In this scholarly article, I am going to briefly help you understand the meaning of Synagogue in the Bible.
To understand what is a Synagogue in the Bible, we are going to briefly look at its definition, the difference between a synagogue and a temple as well as the key features of the synagogue.
We will also look at the history of the Synagogue and wrap up this article by looking at another word that relates to a Synagogue which is known as the Sanhedrin.
Therefore, after helping you to understand what was a Synagogue in Jesus’ time, we will also help you to understand the meaning of Sanhedrin.
What is a Synagogue in the Bible?
In the Bible, a Synagogue is simply a Jewish sub-worship center that is far away from the temple which is considered the main worship center which was permanently located in Jerusalem.
The simple understanding of this is making an example out of our churches that have a headquarter in a particular place, while their branches are scattered all over the place.
The difference between a temple and a Synagogue.
The difference between a temple and a synagogue is that the temple was the central worship center which was big enough to accommodate several Jews while a synagogue was a sub-worship center that allowed Jews who were living far away from the temple to gather for worship.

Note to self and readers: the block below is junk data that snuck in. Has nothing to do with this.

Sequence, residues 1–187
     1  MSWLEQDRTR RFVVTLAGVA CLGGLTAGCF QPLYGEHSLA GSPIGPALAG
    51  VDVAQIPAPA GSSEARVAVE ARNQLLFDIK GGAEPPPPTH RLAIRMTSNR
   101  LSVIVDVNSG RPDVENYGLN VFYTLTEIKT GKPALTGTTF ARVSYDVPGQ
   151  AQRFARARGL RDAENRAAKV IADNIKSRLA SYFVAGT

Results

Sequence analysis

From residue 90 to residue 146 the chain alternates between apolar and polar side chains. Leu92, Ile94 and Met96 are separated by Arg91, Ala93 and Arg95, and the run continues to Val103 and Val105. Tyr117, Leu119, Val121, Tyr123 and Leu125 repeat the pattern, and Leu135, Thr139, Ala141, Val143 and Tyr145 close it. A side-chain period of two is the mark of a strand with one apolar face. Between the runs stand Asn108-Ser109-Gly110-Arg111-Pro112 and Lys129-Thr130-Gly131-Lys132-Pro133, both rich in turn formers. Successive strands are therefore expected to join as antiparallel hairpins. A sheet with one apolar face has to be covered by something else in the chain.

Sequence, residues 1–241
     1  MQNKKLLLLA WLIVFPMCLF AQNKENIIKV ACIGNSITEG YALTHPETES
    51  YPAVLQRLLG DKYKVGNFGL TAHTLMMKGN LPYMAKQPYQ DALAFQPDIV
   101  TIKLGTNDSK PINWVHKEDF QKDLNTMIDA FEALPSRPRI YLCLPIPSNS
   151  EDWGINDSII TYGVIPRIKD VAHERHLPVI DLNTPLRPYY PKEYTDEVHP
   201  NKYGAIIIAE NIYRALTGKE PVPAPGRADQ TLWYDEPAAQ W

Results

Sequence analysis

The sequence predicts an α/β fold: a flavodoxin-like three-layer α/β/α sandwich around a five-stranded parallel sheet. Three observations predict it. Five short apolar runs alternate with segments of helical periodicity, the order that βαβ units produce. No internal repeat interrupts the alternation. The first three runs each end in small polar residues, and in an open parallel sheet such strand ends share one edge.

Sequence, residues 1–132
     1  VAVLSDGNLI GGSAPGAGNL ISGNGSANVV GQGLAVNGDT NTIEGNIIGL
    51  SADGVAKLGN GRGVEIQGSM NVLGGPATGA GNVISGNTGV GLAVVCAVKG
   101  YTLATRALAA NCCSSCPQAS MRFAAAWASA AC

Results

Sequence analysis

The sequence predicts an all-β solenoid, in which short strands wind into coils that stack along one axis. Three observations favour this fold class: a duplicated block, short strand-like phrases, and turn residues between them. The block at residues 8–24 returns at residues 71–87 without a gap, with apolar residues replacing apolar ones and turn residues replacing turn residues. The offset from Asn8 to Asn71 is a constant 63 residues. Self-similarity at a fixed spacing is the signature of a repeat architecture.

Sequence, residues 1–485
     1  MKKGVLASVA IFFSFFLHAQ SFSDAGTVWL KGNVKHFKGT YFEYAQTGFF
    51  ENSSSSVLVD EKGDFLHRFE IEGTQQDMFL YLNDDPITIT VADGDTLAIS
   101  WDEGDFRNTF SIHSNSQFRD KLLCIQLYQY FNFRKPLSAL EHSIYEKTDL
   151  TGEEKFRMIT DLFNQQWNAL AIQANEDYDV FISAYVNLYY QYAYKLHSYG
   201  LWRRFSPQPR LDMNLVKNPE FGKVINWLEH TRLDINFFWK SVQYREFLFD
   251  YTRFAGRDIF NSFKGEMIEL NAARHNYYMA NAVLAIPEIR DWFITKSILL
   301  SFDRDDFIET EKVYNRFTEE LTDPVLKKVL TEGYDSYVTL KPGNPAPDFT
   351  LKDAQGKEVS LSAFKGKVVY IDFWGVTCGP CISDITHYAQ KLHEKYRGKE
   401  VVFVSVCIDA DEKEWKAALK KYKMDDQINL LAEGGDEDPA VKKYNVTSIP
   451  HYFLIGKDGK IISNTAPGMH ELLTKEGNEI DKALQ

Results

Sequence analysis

Key features of the synagogue.
Basically, the Synagogues had three outstanding features which were:
- The Aron Hakodesh also known as the ark: This is wooden furniture that has the features of a cupboard and often has a curtain or door, and it is a device where the Jewish scriptures known as the Torah is being kept.
- A lamp: The lamp usually sits above the ark and is being referred to as the eternal light which symbolizes the presence of God.
- The Bimah: This is a platform where the Torah was enrolled when it was time for it to be read.
A brief history of the synagogue.
The center of Jewish worship was the temple in Jerusalem until the Jewish exile in 586 BC.
And after the exile, the Jews shifted their center of worship to the synagogue; which was found in every local community of the Jews.
Though synagogues existed in Palestine before the exile; the Jews while in exile in Babylon, emphasized the synagogue for purposes of prayer, reading of the scriptures, and teaching; more than they did in their homeland.
On their final return from exile, the synagogue was further developed and strengthened by Ezra and his successors as a means of teaching the Jewish laws.
The book of Acts reveals that wherever there were Jews in the Roman empire, there was always a synagogue.
The apostle Paul always began his witnessing in the synagogues.
The ruler of the assembly was always the leader. And he was assisted by the reader of the scriptures, a leader in congregational prayers; and an officer who had custody of the scriptures and presided in the absence of the ruler.
The Sanhedrin was the governing body of the Jews in Palestine.
Literally, the word “Sanhedrin” means to “sit together”.
Although the Sanhedrin was under Roman authority, it, however, governed the province in both civil and religious matters.
The Sanhedrin was composed largely of Sadducees and Pharisees under the leadership of the high priest.